If there’s one thing Telltale Games like to do, it’s telling a good tale. They’ve got the experience from games based on The Walking Dead and The Wolf Amongst Us, so let’s see what happens when they’re given free reign of one of HBO’s most popular shows, Game of Thrones.
If you’ve never had experience with a Telltale Game of this type, the premise usually revolves around a more advanced, refined and interactive point and click adventure, with the main focuses being on the narrative and how you can affect it due to player made choices. Giving the player difficult decisions that drastically alter the progression of the game is a feature much touted by other games, but here, they feel significantly more substantial.
Due to the game adopting an episodic approach; obviously aping the show it’s based upon, you’ll be jumping between individuals several times over the course of the chapter. Focusing on a new set of characters that are tied to House Forrester, Iron From Ice takes place towards the end of the third season and focuses on their relationship to House Stark. Whilst you begin as Gared Tuttle, a simple squire to Lord Forrester, things quickly take a predictable turn after a spot of encouraging promotional news; it’s not long before you start making a few important decisions to set off the end of the prologue.
Once the familiar theme and corresponding set of opening credits are over, the game opens up in typical Game of Thrones fashion, namely reams of conversation. Those who’ve enjoyed the previous games’ ability to explore around may be a little disappointed, but the majority of the conversational options often more than make up for that. Alongside the new set of characters with their surprising amount of depth, you’ll also run into a couple of the more infamous characters from the show, the ever stimulating Tyrion Lannister and the (ice) Queen Cersei. Both have a reasonable amount of dialogue and represent themselves suitably well, especially in the interactive scenes that involve them.
Alongside the quantities of conversation you’ll participate in, there are also a few smaller sections, much akin to the notorious quick time events of old. Thankfully these are few and far between and only really occur when necessary at the more action packed beginning of the game. As ever in a Telltale game, choices, and their immediate subsequent consequences are rife. You’re never going to be able to please everyone in a situation; plus the added time limit to prepare a response injects a panicky, ‘on the spot’ feeling to proceedings. A helpful indicator, especially at the start when you’re not entirely sure what each person wishes to hear, is presented in the upper corner of the screen notifying you on when you’ve made a significant decision. By the time you’ve completed just this first chapter alone, you’ll have dramatically altered people’s perception of you; making the mind boggle at the potential extent of all those seemingly minor choices stacking up and coming back to haunt you.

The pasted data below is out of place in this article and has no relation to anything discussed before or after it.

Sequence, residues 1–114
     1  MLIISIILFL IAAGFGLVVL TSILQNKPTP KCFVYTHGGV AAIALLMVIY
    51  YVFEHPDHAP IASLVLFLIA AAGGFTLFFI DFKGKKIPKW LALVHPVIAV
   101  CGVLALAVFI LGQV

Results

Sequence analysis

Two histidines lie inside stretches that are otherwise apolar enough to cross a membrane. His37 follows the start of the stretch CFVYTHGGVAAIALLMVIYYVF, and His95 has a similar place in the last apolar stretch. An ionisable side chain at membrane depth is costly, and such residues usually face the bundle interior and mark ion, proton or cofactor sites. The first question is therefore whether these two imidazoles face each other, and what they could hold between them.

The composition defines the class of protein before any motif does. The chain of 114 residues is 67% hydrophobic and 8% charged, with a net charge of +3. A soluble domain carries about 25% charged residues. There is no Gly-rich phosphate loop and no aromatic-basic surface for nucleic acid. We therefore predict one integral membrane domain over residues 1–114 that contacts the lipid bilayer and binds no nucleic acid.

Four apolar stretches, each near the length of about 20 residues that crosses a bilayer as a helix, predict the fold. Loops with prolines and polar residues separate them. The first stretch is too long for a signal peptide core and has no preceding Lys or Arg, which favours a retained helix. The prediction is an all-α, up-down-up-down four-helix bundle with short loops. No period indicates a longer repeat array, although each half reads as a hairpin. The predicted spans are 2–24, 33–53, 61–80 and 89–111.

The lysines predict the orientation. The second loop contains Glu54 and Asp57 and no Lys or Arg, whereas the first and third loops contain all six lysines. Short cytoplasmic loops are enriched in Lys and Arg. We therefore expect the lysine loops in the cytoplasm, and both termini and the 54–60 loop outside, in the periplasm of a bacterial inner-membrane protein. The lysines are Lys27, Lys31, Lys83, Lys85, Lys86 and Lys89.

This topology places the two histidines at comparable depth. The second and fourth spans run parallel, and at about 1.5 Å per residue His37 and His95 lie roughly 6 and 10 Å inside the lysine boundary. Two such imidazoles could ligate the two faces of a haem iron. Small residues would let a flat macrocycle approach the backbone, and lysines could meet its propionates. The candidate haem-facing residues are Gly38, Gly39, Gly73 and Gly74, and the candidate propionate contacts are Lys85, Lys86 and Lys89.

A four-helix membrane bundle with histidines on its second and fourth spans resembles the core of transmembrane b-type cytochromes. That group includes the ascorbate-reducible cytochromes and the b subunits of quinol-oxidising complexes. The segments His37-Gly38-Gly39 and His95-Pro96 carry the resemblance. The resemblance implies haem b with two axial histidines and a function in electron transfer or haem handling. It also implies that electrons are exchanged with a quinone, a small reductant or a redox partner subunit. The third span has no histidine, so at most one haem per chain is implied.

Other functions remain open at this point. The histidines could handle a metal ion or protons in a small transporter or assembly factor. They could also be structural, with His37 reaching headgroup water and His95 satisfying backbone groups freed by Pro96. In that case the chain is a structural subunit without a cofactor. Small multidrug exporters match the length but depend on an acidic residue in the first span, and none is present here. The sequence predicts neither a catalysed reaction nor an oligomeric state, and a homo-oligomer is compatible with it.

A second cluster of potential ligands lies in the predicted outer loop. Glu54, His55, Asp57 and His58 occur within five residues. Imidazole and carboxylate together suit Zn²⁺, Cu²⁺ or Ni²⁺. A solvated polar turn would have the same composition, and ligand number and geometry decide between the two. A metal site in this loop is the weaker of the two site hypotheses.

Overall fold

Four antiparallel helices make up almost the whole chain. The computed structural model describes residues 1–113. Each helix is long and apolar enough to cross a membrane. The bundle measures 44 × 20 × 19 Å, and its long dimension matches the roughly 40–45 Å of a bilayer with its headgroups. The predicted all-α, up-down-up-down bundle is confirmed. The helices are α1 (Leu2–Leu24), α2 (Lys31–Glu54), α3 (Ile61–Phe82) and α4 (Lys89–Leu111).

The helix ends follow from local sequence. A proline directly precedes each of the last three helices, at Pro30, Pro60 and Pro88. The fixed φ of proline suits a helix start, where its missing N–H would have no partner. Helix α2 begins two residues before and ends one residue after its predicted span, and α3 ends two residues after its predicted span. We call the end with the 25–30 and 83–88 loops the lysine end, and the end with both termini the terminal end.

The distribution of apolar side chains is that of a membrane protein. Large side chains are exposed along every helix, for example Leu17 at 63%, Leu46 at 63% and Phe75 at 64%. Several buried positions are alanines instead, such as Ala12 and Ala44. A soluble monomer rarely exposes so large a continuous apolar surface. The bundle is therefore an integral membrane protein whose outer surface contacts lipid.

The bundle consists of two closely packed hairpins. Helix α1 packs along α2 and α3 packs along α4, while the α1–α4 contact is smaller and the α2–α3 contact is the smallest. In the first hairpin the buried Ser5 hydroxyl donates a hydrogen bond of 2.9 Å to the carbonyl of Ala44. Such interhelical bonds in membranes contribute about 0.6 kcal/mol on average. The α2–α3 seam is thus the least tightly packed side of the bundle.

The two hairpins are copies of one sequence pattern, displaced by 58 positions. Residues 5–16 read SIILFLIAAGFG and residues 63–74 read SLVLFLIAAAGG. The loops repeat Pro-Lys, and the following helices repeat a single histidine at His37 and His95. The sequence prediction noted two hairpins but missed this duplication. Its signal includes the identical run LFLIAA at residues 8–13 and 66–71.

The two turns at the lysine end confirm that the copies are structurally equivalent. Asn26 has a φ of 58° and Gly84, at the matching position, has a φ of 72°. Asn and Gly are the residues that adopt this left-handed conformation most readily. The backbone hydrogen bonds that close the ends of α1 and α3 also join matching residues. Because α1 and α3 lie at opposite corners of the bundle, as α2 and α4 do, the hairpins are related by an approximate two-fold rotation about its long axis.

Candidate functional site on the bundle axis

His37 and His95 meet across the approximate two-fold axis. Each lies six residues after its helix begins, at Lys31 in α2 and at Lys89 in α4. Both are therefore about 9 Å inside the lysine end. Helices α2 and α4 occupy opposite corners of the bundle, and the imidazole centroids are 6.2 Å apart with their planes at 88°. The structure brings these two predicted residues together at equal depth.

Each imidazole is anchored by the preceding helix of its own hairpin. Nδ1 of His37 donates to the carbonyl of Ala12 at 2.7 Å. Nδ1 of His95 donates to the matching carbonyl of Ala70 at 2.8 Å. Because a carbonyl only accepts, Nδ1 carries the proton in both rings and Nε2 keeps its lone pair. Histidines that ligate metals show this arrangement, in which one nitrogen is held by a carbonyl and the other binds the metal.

Whilst some of the narratives’ segments can seem a little slow or relatively less interesting than others, it’s safe to say, that they’re linked exquisitely to one another as the story progresses. Introducing each character takes just the right amount of time to become invested in their plight and you never seem to linger for too long in any scenario. It’s honestly as well paced as the source material, complete with tense, spiralling situations of which the show’s famous for.
Presentation wise, it will be nothing unexpected if you’re partial to the developer’s latest releases, which is not to say it’s unremarkable. Far from it in fact, Iron From Ice looks great with its stylised visuals. Action oriented scenes seem to lose a little magic but they’re rare and it doesn’t detract from the experience. The voice work is strong, as is also the script, but I suppose that’s to be expected of a franchise of this degree, still it’s nice to hear good voice acting and official music being used throughout.
As ever, so long as you’re vested into the source material, playing a Telltale game dedicated to it will often greatly appeal to you. There’s a potential worry surrounding the franchises staleness and a lack of moving forward with the mechanics and originality, but so long as they keep delivering great interactive stories based on established series, then fans will likely follow suit. It could be interesting to see a game set in their own universe, but it might require a considerable amount more effort; as for now, we’ll have to settle with the frustrating wait for the next ‘episode’ in the series.